A3C Festival - A Recap with Some Photos

Woke up today and looked at my booklet like "what's going on at A3C today?" Nothing, because it's over!!!

After a star-studded three-day hiphop festival, I'm slapping anybody that says hiphop is dead. This event was almost like a family reunion for some, and a jaw-dropping experience for all. It's the only place where there are several generations of one community under one roof (sort-of, if we omit the fact that two of the five stages were outdoors).

So I should back up first.

This weekend long festival had five stages - two outside, three inside - with over 70 artists putting on a small yet powerful 15 minutes show a piece. From 6 pm Thursday to 3 am Sunday, people from all over the country, well at least people from "All 3 Coasts (A3C)," came together and made friends, future collaborations and even family.

I know of at least one artist that reunited with someone that raised her as a hiphop artist, Lyric Jones. After speaking with her, she said her brother DJ Raydar Ellis taught her just about everything she knew about hiphop - from what's real to what's fake, how the music is made to how the culture has evolved - and he has credentials to back him up, as he is a professor at Berklee School of Music in Boston.

At least every journalist, blogger, vendor, DJ, breaker, emcee, event volunteer, and patron found at least one new favorite artist out of A3C. Amidst the minor technical difficulties from the venue, like microphones cutting out, loud vents, and unlevel floors, each and every artist that I saw perform was near FLAWLESS. The only thing, which I think was weird, was that many of the performers forgot their lyrics at one point through their set. But I heard a lot of backstage action was going on, so there may have been some pre-performing distractions. Some of the artists that stood out for me, and I did not really know much of them, are:

Lyric Jones
Sha Stimuli
El Prez (I'm still singing "gone, beating my chest like King Kong!")
Coolroy, aka Lite
The Jacka
Ayomari & TiRon (the two were inseparable, and it was quite adorable)

Aside from the emcee aspect of this hiphop event, the only other element that was tended to very well was DJing. Every night, there was some sort of showcase or cnotest dedicated to DJs and producers. Nwo, there is a distinct difference between a DJ and a producer, and although I feel like the two shouldn't be merged together, A3C did a nice job of making producing a part of the hiphop culture. I won't go there and say it was wonderful or it was any good, if anything else having the DJ and production events almost back-to-back like they're the same is rather demoralizing the hiphop culture. I will say the events that unfolded - having the guy from Kane Beatz speak with other up-and-coming producers about the industry, and DJ Shiftee putting on a "DJ" workshop - were very entertaining and informative for people to know how to conform to the way of current society. If that felt like a shot, it was.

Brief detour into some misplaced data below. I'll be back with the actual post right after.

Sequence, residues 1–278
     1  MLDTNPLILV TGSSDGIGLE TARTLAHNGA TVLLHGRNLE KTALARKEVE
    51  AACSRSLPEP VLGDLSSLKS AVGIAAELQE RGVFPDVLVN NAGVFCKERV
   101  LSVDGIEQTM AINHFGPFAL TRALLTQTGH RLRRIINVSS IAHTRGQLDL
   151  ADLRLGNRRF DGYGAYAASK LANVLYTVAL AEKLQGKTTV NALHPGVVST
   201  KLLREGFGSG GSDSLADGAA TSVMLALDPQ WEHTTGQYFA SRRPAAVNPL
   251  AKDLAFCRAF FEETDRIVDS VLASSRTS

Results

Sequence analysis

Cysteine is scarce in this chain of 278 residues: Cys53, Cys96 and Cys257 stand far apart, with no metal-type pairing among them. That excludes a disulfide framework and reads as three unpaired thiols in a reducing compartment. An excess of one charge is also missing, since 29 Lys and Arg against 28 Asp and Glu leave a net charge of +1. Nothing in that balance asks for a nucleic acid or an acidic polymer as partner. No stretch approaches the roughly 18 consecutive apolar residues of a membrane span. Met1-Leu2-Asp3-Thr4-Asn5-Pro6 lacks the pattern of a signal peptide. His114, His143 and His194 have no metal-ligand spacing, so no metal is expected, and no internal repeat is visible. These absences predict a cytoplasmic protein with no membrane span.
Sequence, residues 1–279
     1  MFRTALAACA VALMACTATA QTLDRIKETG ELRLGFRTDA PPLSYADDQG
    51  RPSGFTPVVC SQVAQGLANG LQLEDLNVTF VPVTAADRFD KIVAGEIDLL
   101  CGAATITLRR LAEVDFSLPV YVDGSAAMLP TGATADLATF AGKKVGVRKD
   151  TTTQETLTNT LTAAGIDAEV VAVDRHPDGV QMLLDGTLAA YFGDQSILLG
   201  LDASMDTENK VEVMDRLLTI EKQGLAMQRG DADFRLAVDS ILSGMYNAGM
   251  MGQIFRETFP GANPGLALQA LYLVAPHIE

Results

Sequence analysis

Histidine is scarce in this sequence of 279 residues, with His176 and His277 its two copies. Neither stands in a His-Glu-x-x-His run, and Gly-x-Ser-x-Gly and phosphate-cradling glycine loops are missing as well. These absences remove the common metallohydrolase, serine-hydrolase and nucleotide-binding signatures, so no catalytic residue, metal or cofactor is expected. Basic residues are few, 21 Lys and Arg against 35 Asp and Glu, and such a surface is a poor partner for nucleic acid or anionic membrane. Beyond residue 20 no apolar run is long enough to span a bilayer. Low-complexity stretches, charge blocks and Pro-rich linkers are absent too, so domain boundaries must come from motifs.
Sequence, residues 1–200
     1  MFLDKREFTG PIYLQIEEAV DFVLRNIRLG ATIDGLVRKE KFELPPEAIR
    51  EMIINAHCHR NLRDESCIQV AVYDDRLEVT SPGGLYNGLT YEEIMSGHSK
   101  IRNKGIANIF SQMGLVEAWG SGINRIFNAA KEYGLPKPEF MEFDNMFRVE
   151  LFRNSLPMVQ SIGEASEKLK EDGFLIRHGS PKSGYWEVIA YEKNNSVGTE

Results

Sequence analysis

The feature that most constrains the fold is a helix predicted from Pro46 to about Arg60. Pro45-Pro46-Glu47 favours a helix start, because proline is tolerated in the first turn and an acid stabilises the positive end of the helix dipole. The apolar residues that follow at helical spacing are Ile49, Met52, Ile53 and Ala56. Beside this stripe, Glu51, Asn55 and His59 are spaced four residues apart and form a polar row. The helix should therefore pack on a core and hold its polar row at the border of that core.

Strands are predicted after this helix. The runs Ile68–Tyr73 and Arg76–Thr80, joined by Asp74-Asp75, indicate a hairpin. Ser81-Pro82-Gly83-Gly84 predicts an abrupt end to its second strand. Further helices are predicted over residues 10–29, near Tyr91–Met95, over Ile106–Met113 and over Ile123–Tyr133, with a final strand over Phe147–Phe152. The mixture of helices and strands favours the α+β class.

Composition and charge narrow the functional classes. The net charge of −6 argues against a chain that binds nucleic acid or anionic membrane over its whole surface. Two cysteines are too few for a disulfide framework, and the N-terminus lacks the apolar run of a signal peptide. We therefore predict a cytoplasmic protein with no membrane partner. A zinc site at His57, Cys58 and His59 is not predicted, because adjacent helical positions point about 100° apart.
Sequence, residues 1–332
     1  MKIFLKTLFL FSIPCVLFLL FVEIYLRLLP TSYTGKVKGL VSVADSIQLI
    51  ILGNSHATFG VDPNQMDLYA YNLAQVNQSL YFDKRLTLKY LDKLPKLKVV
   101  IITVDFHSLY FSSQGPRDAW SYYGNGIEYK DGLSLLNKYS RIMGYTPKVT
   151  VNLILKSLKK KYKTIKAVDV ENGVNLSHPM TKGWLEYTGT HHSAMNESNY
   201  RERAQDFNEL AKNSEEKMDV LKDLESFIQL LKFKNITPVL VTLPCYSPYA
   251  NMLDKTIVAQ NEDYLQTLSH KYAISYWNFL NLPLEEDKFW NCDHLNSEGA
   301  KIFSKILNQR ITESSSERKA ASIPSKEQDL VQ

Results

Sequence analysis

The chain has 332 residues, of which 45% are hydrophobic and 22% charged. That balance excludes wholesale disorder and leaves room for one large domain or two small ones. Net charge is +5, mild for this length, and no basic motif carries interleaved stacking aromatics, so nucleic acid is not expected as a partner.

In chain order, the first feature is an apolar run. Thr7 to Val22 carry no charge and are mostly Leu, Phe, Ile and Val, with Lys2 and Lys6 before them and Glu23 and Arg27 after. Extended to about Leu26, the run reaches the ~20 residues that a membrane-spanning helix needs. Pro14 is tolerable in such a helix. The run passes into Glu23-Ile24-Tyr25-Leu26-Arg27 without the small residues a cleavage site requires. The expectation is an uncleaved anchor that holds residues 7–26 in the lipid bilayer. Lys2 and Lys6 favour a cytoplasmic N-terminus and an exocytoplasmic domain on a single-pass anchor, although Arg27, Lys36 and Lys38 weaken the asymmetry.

The only good news about the other elements was seeing the legendary DJ Rob Swift of the X-Ecutioners put on a show wherever he was, whether he was the DJ or the judge of other DJs. He put on a funky-fabulous set at the Red Bull Music Academy 45s Show, as well as a guest DJ set at the Unique Squared DJ contest he judged. The main reason why he was so amazing was that he only used TWO TURNTABLES!!!! DJ Shiftee had all of his little hook-ups and his laptop with the DJing software, but DJ Rob Swift had a near-identical sounding set with just two turntables and a stack of records.

The breaking tournament was late yet rushed, making the breakers not really flow like they wanted. The result was a blahzay tournament, so no need to go any further.

Overall, the event was like Jasmine Solano said "a hiphop super mall." There were some things that fit very well, some things I wish I could fit into, and some things that just weren't my taste. Fortunately, there was something for everyone! All of the interviews I did with my favorite artists were amazing because of the chill environment. There probably isn't a more welcoming place in Atlanta but A3C, too bad it's just three days.

Below are photos from my phone, because I seem to have lost my USB cord to my camera/camcorder, plus a video I caught of a dope remake to "Thriller":


Jean Grae

Joe Scudda and DJ Exile

Mistah Fab

Grand Prize Winners From Last Year

If you want a full-fledge recap of what went down at the A3C festival, check out my archives and these sites for more!

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